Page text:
A: Gold has obviously sold off a lot, then it has bottomed and back rallied a lot since the big sell off. That big sell off was essentially triggered by the expectation of a big dump of gold by the Cyprus central bank. As we know, gold is actually quite illiquid market. Gold no longer serves any particular monetary policy function. So, its value is socially determined as long as people believe it will stay valuable, but if sentiment changes then it can crash. In my opinion, gold fundamentally is actually quite risky from a valuation stand point.
However, I think if I am right that the economy shifts down somewhat in the second quarter, then I think gold has little bit of downside risk from here. However, I don’t think it will fall too fast because the medium term inflation outlook in developed economies in particular is really quite bad. We know that central banks are still buying and holding gold. So, I think the prospect of future inflation is going to provide some support in the gold market.
Q: What would be your top three investment asset classes at the moment? Separately, what’s your take on crude? We saw it tumble along with gold but seem to have stabilised at around USD 100 per barrel for Brent. What’s your sense of how crude might move?
A: I do think oil has a little bit further to go in terms of declining and that’s basically conditional from my view that the economy is heading into a quarter of slower growth, basically on account of the turning of the manufacturing cycle. In the second quarter of 2012, oil took a pretty big tumble from around USD 125 per barrel all the way down to USD 90 per barrel as the market came off from pretty unrealistic highs in the first quarter.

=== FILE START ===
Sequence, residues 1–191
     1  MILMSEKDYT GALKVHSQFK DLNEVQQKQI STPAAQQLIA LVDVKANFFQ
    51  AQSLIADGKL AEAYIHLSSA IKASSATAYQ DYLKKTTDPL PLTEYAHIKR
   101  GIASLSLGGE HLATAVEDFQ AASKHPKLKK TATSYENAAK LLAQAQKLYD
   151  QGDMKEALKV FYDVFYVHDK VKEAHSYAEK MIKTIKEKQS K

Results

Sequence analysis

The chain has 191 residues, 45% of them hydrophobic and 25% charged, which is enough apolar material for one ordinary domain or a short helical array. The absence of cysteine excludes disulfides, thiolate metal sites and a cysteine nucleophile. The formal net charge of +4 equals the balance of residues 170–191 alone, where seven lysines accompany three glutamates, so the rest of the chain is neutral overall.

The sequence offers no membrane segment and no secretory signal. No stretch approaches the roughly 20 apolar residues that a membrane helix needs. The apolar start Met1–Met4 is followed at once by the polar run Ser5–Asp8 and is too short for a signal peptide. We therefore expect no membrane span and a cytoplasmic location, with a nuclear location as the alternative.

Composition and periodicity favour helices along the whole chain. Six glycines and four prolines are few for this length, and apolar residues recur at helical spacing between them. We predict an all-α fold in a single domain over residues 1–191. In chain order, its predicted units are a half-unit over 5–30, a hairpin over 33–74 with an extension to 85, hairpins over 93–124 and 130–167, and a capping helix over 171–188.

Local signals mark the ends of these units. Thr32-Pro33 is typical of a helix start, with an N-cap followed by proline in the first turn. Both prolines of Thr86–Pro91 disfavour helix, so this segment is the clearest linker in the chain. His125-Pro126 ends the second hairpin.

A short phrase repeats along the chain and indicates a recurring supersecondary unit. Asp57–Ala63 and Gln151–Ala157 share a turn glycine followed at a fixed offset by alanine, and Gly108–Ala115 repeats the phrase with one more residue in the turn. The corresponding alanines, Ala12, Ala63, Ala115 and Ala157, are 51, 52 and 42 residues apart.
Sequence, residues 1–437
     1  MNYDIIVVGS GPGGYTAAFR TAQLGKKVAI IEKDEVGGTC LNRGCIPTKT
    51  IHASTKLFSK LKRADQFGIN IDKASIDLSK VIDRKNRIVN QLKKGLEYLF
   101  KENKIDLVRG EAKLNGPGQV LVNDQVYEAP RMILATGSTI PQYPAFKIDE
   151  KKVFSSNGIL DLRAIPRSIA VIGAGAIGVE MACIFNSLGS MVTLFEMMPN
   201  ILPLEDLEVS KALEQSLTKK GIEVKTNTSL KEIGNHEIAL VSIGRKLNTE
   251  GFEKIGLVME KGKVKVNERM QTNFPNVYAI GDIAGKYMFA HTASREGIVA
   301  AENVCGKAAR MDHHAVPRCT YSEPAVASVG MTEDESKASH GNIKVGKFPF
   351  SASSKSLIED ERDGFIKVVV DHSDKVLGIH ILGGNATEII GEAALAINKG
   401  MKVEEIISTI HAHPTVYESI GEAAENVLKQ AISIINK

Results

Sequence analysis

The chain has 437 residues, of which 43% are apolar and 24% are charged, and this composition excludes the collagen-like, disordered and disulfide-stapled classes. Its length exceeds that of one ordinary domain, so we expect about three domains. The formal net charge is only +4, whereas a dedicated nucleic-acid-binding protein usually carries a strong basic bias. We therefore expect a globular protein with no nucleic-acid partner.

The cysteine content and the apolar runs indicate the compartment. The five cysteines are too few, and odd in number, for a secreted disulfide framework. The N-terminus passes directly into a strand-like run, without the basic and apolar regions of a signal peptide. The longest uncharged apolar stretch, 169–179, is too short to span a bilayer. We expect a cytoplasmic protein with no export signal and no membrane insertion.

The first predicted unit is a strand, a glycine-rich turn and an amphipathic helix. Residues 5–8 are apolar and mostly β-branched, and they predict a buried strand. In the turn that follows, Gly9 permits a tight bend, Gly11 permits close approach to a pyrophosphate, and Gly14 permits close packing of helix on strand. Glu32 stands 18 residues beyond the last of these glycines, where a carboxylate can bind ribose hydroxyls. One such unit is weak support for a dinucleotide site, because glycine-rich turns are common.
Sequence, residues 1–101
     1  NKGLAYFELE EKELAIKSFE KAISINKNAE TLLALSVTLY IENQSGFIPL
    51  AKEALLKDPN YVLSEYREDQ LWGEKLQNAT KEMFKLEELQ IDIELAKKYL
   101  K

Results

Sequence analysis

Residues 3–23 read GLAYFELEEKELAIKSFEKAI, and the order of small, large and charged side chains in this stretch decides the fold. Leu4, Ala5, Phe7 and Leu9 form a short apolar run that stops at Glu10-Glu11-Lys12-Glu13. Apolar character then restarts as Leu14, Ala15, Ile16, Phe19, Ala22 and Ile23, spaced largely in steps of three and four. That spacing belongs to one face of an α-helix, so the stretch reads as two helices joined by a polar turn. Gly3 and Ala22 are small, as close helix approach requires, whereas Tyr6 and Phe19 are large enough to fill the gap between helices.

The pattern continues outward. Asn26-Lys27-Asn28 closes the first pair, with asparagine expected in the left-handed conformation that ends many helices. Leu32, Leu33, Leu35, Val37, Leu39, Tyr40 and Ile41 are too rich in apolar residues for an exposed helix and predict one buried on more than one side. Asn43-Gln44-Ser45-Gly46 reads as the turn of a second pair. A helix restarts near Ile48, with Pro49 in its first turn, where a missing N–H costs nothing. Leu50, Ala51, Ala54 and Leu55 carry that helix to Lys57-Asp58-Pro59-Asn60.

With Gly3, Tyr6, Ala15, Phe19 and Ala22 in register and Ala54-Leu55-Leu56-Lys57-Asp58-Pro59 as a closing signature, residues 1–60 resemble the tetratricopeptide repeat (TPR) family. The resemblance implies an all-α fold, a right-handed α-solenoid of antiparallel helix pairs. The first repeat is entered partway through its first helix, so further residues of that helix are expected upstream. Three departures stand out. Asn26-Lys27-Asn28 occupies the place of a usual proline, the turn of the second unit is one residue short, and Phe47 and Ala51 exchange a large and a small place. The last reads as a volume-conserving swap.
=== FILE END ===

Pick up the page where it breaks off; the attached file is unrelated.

We have a similar pattern this year. Now of course, as I mentioned earlier, this big fall in oil last year was certainly aided by concerns about serious tail risks in Europe and the fear that Europe could completely collapse. That risk of course is somewhat less pronounced this year.
So, I think there is very strong support for oil in the USD 90’s per barrel. All of this really is short term volatility as far as I am concerned. If you look at the slightly longer term outlook for oil there is basically an energy shortage globally. The world is still growing especially due to strong growth in emerging markets.
We are expecting about six percent real GDP growth across emerging markets this year. The world needs to meet these energy demands arising from growth in emerging markets. What we can hope for really is that shale and other sources of energy begin to come online over the next few years. Otherwise, once the crisis is behind us and developed markets start growing then I think it is quite likely that oil could go much higher and that could then stamp out the recovery. So, we really need new energy sources to come into the market over the longer term.